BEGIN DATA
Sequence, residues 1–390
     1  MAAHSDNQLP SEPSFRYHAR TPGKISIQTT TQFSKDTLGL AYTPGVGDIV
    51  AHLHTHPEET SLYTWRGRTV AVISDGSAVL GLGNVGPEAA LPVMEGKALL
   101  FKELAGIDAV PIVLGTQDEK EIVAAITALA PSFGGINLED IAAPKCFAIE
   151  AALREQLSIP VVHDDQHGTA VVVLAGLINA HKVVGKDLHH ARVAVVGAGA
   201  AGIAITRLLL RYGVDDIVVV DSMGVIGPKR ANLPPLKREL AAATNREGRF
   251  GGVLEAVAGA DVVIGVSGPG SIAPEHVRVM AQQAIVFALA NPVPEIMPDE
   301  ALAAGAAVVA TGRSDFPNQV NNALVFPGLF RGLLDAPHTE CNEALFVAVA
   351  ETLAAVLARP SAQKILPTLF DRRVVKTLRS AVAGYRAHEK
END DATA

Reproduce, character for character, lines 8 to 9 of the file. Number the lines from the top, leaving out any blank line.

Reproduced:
   301  ALAAGAAVVA TGRSDFPNQV NNALVFPGLF RGLLDAPHTE CNEALFVAVA
   351  ETLAAVLARP SAQKILPTLF DRRVVKTLRS AVAGYRAHEK